Some T-Mobile customers have paid extra fees for text-based services they didn't agree to include in their cellphone charges, and now the Federal Trade Commission is on the mobile giant's case with an inquiry and a lawsuit.
Tech companies are in a new race to make it harder for spy agencies around the world, such as the NSA in the U.S., to access their customers' data.
The Federal Bureau of Investigation is officially involved in the Trayvon Martin case, conducting its own inquiry into the Feb. 26 killing of the teenager in Sanford, Fla., to determine, for one, whether shooter George Zimmerman zeroed in on Martin for any racially motivated reasons.
You there, with the surreptitious driving-while-texting action and also you, with the hands-free gadgetry on your head -- take heed. The National Transportation Safety Board, an independent agency that traffics in such matters, wants you both to hang it up.
The CIA has lost a foothold, and some measure of its critical anonymity, in Lebanon after some of the spy agency's operatives were exposed in recent months Last June, Hezbollah leader Sheik Hassan Nasrallah triumphantly announced that at least two agents had been nabbed within his organization's ranks (more).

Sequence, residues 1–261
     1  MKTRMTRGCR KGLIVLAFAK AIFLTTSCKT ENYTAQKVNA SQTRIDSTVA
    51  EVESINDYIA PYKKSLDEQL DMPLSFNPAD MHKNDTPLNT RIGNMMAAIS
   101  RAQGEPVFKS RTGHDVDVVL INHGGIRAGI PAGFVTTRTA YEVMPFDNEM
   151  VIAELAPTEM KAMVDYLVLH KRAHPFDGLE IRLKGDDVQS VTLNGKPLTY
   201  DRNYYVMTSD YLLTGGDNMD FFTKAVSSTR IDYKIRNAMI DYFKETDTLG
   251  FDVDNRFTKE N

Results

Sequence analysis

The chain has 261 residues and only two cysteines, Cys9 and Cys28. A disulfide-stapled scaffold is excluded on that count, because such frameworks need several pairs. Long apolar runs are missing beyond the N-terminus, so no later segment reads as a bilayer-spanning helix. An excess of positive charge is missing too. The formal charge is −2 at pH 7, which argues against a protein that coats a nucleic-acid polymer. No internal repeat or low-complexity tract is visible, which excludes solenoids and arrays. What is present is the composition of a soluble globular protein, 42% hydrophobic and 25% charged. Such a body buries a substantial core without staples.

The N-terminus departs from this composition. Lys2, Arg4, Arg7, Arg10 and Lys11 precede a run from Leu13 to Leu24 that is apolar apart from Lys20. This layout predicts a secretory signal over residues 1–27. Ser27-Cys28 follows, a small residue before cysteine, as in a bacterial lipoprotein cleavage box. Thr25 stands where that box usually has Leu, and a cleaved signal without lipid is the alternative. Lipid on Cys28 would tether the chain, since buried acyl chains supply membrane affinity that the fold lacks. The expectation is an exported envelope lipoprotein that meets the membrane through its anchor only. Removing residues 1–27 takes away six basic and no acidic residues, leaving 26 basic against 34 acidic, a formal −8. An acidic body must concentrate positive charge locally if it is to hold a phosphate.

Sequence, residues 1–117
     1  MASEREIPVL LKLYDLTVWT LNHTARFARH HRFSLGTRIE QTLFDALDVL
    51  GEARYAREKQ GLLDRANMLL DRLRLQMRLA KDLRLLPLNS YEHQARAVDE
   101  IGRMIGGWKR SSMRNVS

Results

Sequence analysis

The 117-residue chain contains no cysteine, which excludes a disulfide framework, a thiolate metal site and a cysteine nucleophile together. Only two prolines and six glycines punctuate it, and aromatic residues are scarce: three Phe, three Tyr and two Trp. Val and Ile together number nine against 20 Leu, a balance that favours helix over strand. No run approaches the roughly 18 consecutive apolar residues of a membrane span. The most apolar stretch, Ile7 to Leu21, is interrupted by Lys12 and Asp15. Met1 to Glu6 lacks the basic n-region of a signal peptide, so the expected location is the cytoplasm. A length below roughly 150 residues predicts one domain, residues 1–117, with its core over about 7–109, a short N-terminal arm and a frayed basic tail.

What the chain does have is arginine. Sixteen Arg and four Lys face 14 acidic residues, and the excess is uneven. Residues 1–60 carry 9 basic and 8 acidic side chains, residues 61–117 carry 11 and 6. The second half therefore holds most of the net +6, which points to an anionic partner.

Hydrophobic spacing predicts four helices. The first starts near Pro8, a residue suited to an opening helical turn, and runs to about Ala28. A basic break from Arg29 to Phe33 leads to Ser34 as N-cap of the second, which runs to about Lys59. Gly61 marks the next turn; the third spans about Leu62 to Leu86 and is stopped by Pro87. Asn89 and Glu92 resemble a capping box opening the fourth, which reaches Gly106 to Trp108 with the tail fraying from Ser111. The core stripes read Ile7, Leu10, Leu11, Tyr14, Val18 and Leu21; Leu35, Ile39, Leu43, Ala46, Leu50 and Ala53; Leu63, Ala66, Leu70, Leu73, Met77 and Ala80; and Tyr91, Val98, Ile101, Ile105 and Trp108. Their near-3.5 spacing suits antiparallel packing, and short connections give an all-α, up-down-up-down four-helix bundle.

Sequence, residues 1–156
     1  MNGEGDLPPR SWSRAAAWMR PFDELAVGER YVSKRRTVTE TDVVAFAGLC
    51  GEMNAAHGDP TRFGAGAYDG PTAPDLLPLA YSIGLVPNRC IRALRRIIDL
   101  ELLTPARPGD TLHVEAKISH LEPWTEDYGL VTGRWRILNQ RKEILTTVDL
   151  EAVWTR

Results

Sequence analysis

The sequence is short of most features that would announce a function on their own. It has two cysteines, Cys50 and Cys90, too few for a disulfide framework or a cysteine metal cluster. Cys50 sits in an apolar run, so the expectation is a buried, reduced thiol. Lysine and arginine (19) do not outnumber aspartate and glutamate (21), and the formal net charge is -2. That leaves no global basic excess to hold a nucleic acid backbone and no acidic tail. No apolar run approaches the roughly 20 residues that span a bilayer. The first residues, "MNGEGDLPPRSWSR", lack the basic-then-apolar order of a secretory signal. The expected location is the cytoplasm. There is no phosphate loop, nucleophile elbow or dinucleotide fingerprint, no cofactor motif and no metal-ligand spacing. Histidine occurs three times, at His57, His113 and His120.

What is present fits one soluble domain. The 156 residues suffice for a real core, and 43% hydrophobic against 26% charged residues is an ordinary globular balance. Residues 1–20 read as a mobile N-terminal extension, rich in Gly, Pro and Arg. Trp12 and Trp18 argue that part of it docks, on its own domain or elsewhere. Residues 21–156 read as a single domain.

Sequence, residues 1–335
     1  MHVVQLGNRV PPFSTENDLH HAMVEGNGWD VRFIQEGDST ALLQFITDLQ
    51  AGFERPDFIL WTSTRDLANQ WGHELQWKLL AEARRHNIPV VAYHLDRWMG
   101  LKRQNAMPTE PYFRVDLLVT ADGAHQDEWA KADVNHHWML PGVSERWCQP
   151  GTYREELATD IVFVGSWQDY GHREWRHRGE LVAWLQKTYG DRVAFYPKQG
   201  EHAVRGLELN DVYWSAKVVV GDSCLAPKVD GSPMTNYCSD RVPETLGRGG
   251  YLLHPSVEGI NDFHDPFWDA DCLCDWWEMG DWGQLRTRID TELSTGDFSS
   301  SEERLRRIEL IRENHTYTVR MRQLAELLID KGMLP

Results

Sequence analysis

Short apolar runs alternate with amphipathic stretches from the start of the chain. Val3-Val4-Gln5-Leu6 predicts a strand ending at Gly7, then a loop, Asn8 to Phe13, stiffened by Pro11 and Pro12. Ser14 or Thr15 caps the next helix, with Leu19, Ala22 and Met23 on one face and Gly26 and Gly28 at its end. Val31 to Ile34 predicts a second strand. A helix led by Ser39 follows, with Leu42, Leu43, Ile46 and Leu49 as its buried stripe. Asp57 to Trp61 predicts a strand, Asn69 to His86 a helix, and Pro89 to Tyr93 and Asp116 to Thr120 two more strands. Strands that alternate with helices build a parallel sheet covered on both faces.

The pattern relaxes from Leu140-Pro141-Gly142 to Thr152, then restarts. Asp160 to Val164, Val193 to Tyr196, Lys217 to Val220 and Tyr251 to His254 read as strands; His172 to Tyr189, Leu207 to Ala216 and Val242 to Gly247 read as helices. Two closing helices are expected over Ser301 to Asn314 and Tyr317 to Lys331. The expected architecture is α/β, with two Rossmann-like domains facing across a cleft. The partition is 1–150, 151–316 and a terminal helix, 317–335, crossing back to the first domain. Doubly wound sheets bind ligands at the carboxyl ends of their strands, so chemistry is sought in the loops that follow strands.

Here's a spooky story: The Central Intelligence Agency has once again called unwanted attention to its clandestine collaboration with the New York Police Department, a relationship that was fortified after 9/11 and led to special NYPD surveillance of the city's Muslim communities, as it has come to the notice of select lawmakers and media outlets that an experienced CIA operative (more).
It's not like we couldn't have seen this coming: Due in part to a special request made by the head of the Pakistani army, the U.S. has been asked to scale back significantly on the number of CIA operatives in Pakistan and to stop drone attacks on northern militants.
With all this talk of a potential government shutdown, it would help, wouldn't it, to get to the bottom of what that scenario would actually entail? Well, according to this timely dispatch from The Associated Press, the term might be a bit of a misnomer, given what would actually happen (or not).